August 14, 2013
Danielle Hanna, exclusive to Global Animal
Animal welfare protesters in Oceanside, NY warn circus visitors of the animal cruelty their dollars will support. Photo credit: Christina Daly / Herald
The Cole Bros. Circus is coming to town, but please don’t bring the kids!
This circus has been traveling around the country since 1884, showing off the abilities of amazing animals. However, how many circus visitors have any idea what’s happening on the other side of the curtain?
The company has been cited repeatedly by the U.S. Department of Agriculture (USDA) for “failure to correct previously identified noncompliance,” blatantly disregarding laws of minimum standards of care and procedures to help alleviate the medical issues of dangerously underweight elephants.
Besides failing to adequately care for the animals in terms of living conditions, veterinary care, and acceptable forms of discipline in training, Cole Bros. Circus has also been cited for failing to supervise animals in a way that is safe for the animals and the public.
There have been instances recorded where the handler turned his back or even walked away while members of the public were within reach of—or even riding on—elephants, or where only one handler was left to supervise two elephants. Inexperienced or unknowledgable handlers paired with potentially dangerous wild animals is a recipe for disaster.
In 1995, a 450-pound white tiger in the circus’ care escaped and proceeded to frighten crowds of visitors to a nearby park in Queens, NY. The madness caused by the tiger’s escape included many screaming onlookers, a 30-minute pursuit by armed police officers, a five-car pileup, and a $60 million lawsuit filed by individuals injured in the car wreck.
In 2012, Cole Bros. Circus was required by the USDA to pay $15,000 for violations of the Animal Welfare Act of 1966 (AWA) which outlines the minimum requirements for care and treatment of animals used for research or exhibition.
Circus customers walk by protesters on their way to the Cole Bros. Circus. Photo credit: Calista Condo, Gloucester County Times
The Cole Bros. Circus President and CEO, John Pugh, plead guilty to violating the Endangered Species Act in 2011 for selling two endangered Asian elephants to a man who intended to use them for entertainment at private parties. The elephants, Jewel and Tina, were taken into federal custody and now live at the San Diego Zoo.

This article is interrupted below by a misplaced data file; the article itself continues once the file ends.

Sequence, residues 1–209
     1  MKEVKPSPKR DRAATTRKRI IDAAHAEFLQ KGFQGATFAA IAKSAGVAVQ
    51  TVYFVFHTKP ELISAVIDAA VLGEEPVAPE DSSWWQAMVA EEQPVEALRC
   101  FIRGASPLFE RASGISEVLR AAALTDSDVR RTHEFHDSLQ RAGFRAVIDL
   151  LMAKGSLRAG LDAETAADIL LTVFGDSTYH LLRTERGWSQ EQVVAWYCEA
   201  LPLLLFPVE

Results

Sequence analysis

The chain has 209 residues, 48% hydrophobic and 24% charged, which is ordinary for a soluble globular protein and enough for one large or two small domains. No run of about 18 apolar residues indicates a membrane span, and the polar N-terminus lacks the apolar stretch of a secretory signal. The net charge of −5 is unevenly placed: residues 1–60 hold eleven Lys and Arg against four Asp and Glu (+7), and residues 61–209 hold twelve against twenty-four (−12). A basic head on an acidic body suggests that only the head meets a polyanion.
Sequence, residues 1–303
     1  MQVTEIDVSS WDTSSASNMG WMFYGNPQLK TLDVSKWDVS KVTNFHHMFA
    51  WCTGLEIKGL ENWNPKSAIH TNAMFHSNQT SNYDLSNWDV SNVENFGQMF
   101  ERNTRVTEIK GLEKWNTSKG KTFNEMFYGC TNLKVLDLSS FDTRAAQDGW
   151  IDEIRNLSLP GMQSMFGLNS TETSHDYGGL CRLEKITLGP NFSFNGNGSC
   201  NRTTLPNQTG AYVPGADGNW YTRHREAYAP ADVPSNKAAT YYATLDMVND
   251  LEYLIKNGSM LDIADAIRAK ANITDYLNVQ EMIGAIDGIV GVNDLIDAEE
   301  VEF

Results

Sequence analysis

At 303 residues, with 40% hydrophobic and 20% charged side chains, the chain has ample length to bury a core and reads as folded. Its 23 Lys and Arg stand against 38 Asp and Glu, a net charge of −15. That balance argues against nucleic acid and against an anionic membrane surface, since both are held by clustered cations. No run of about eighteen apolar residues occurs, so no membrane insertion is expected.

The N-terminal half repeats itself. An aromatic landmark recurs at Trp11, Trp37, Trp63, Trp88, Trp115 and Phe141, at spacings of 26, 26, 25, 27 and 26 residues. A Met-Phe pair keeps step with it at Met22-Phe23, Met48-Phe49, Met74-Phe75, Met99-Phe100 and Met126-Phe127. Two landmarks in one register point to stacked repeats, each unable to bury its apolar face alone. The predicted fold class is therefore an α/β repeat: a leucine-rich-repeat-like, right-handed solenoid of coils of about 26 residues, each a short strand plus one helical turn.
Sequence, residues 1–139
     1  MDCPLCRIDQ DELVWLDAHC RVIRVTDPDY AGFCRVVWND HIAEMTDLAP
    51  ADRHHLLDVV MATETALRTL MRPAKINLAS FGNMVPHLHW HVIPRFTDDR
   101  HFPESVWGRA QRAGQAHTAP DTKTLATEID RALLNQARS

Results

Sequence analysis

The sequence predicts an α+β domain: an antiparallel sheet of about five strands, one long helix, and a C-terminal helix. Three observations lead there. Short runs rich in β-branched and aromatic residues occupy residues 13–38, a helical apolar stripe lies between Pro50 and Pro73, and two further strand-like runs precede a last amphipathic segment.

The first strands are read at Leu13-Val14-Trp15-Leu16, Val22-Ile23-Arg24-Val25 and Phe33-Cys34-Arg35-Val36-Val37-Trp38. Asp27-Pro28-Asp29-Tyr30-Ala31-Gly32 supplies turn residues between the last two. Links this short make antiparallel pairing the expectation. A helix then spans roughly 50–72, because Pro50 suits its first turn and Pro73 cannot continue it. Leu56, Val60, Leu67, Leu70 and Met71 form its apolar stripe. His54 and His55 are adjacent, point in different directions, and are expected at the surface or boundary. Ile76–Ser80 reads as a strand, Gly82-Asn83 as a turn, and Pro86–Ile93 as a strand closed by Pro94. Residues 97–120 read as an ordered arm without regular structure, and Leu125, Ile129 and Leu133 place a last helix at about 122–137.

The company was sentenced to four years probation, fined $150,000 by the U.S. Fish and Wildlife Service and restricted from owning animals. The animals currently used for their traveling performances are rented from other companies such as Carson & Barnes Circus, which has also been fined by the USDA for AWA violations.
In Defense of Animals (IDA), a California-based organization, has filed complaints about the quality of care supplied by Cole Bros. Circus which resulted in a fine last year for “failure to provide veterinary care to an emaciated elephant, failure to handle an elephant in a way that minimized the risk of harm to the public and the elephant, using handlers who lacked the training and knowledge to safely handle tigers and elephants in public, and illegal trafficking in tigers.”
The animal rights organization continues to request that the U.S. Department of Agriculture investigates the traveling circus’ procedures, especially with regard to two baby elephants, Val and Hugo, who have been separated from their mother.
“In general, animals forced to travel and perform in circuses are deprived of everything that is natural to them – room to roam, participation in family and social groupings, and any ability to exert choice and control over their lives,” said Deborah Robinson of IDA.
“This is particularly hard on animals like elephants, who naturally are on the move for most of the day, and who, in the wild, stay with their mothers for their entire lives, in the case of females, or at least until adolescence if they are males. By contrast, the elephants traveling with Cole, who are leased from Carson and Barnes Circus, spend their days on trucks, in chains or in tiny pens, and have all been taken from their mothers as babies,” Robinson continued.
Protesters have shown up at the circus doors in an attempt to educate visitors about the abuse circus animals face, and have been successful in changing the minds of some who decided to leave rather than support animal cruelty. Below is a list of upcoming circus dates, so you know when and where to take action.
Upcoming 2013 Cole Brothers Circus Datesfound at:http://www.globalanimal.org/2013/08/14/cole-bros-circus-condemned-by-animal-allies/105304/
Cole Brothers Circus Fact Sheet -
(formerly Clyde Beatty-Cole Bros. Circus)
Performing captive wildlife — elephants, lions, tigers, bears, baboons, monkeys, camels, llamas — all endure years of physical and psychological pain and suffering in traveling acts to “entertain” an uninformed audience.
Recent Incidents Involving Animals at Cole Bros. Circuses:
Both Cole brothers along with John Pugh, owner of Cole Bros. Circus, pleaded guilty to violating the Endangered Species Act by illegally selling two Asian elephants named Tina and Jewel to a man who planned to use them for private parties and elephant rides. Cole Bros. Circus was sentenced to four years of probation and fined $150,000. John Pugh was sentenced to three years of probation, 100 hours of community service and ordered to pay $5,200. (United Press International)